Uno running on Linux Desktop and IoT
The RadialProgressControl from the Windows Community Toolkit, running on a Tizen watch.

Windows Presentation Foundation (WPF)

Yes, really. When paired with SkiaSharp, Uno can render apps natively on WPF, the precursor to UWP.

This means that Uno could reach Windows 7 and 8, rendering an entire modern UWP app with WinUI.

Benchmarks

As with all benchmarks, take with a grain of salt.

Performance benchmarks are not indicative of real-world performance, but they do give you an idea of what each technology is capable of. It’s an Apples to Oranges comparison, done with one data point.

The main takeaway: .NET Core and Skia are very fast compared to other cross-platform offerings. (Full explanation)

SkiaSharp benchmarks on desktop. Higher is better.
SkiaSharp benchmarks on Android. Higher is better.

Web Assembly Improvements

In May 2020, Uno announced a huge step forward for Web Assembly apps.

Long story short, the code generated by Uno is now 50% smaller, making startup time twice as fast. At the time of writing, developers need to enable it manually as there are still some kinks to work out before it can be fully released.

You can take these improvements for a test drive by trying out the updated Windows Calculator app in the browser.

Even further beyond

This shouldn’t be possible, yet here we are.

Uno is capable of many things that I never thought possible, but to me, one thing takes the cake.

Devs know that Visual Studio is by far the best IDE to write your UWP app with, with JetBrains Rider as the runner up. Uno takes this 3 steps further, by allowing you to also develop your app in Visual Studio Code and Visual Studio for Mac.

Visual Studio Code is an Electron app, and was written with web technologies. Those who paid close attention to Build 2020 will know about Visual Studio Codespaces, which is an easy way to run VS Code in the browser , with the full feature set of the desktop version.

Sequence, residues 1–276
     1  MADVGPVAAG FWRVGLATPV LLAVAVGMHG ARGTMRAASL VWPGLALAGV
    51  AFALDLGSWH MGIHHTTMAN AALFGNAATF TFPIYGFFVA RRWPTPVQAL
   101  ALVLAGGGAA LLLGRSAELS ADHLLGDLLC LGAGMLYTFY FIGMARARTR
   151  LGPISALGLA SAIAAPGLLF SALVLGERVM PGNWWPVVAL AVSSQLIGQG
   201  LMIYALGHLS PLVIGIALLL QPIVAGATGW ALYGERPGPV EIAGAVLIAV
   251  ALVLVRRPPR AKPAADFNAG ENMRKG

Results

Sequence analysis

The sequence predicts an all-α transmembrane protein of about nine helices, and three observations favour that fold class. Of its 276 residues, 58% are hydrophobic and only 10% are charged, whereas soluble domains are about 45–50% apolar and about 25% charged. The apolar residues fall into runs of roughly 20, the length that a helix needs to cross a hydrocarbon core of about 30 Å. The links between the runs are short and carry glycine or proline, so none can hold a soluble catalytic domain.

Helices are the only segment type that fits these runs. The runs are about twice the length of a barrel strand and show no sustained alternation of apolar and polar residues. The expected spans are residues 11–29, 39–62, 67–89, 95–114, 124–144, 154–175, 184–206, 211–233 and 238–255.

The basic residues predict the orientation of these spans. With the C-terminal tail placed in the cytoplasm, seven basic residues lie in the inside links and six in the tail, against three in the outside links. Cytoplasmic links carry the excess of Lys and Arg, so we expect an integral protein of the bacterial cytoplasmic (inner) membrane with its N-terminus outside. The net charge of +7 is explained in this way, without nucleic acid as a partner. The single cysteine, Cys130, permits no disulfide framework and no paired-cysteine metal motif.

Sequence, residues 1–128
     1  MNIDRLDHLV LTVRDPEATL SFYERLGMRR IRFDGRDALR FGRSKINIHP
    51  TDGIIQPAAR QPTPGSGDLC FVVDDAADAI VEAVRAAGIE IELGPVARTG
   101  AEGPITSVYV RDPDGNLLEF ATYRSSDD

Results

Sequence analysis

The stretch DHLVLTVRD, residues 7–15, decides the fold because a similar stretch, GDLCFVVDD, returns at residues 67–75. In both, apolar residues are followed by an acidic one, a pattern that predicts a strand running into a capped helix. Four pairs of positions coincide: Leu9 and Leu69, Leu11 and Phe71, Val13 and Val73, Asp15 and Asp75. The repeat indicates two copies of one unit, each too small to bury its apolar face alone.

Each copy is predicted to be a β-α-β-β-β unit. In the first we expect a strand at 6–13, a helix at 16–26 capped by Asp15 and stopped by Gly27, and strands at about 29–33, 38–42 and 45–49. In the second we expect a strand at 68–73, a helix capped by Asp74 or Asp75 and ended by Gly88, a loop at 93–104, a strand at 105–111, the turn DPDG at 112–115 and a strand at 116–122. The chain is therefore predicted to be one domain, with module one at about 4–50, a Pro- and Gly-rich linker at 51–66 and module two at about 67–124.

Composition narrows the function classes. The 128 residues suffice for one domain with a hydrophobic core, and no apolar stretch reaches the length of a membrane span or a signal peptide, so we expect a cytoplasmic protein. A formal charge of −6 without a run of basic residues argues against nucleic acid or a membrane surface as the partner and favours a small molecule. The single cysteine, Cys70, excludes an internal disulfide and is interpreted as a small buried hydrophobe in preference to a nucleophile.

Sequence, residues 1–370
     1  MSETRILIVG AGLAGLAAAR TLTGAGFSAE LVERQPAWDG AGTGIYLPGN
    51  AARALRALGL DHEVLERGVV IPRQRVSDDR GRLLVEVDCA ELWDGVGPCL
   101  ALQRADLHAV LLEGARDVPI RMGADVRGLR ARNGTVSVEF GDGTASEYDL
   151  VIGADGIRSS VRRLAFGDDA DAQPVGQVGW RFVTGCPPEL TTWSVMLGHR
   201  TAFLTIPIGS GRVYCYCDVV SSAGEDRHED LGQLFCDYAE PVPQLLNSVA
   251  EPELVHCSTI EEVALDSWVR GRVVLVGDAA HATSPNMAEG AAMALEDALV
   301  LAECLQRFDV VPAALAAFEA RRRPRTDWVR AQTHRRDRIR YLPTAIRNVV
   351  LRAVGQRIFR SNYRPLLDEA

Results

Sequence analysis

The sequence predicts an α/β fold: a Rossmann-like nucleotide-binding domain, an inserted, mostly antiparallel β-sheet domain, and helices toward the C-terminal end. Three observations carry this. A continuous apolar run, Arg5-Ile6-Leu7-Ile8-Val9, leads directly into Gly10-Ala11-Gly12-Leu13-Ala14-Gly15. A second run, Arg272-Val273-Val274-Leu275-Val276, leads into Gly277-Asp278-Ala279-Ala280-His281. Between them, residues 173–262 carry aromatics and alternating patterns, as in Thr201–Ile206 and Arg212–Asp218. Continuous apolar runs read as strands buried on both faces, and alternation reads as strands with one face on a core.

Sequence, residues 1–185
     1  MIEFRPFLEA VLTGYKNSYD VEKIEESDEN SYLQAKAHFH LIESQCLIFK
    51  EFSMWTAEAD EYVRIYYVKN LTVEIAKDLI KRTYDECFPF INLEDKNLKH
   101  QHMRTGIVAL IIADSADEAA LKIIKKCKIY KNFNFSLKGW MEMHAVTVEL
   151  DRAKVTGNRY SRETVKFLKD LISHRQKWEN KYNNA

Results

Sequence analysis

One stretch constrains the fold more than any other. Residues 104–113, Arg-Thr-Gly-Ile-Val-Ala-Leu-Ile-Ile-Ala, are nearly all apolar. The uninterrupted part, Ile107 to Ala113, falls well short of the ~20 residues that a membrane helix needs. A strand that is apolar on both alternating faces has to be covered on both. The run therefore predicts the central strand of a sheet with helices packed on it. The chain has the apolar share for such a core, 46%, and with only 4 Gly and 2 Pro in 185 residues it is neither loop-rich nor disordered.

Now we have all the ingredients:

  • A UWP app written in XAML and C#
  • Using Uno to run on Web Assembly
  • Fully featured IDE running in the browser

The end result: You can develop a UWP app in the browser.

Strix Music v2 alpha compiled for Web Assembly

It isn’t perfect compared to the likes of Visual Studio, but the fact that this is possible blew my mind.

Imagine you’re stuck on a low-end laptop, or an Android tablet / iPad, or maybe even Samsung Dex, and you need to quickly make changes to your app. Now, you can do that!

The future of UWP?

Absolutely

Microsoft tried their best to create the “one platform to rule them all”. The Universal Windows Platform is robust and powerful in its’ own rights, but it couldn’t keep up with the competition.

Just as the “U” in UWP started looking like a dead dream, Uno has picked up the torch and taken it to new heights. That *spark* of excitement about UWP being truly cross platform is back, and it’s exciting.

Uno is an open source project, run by a impressive team of around 20 people, between the core product, designers, and UX Engineers.

“It’s a massive undertaking, we’re trying always to balance innovation (moving fast) with stability… It’s probably the biggest ongoing challenge

Idea is we think we “suffered” enough as mobile devs that we know exactly that would help us on a daily basis, and that’s why we built Uno in the first place, why we want to build other tools and why we think we’ll be good at listening to what the community needs and wants.”

— François Tanguay, CEO and Founder of Uno Platform and nventive.

It is indeed a massive undertaking. While the core product absolutely works, a few APIs are still [todo].

Their progress on closing that gap has been massively accelerated by contributions from the dev community.

For such a small team, their accomplishments are simply impressive, and they seem to be on the perfect path to change the course of the platform for the better. Here’s hoping Microsoft will acknowledge that potential, and one day buy into their vision.

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Creating to live and living to create // Web & UWP Developer / Thing Maker / Music addict

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Creating to live and living to create // Web & UWP Developer / Thing Maker / Music addict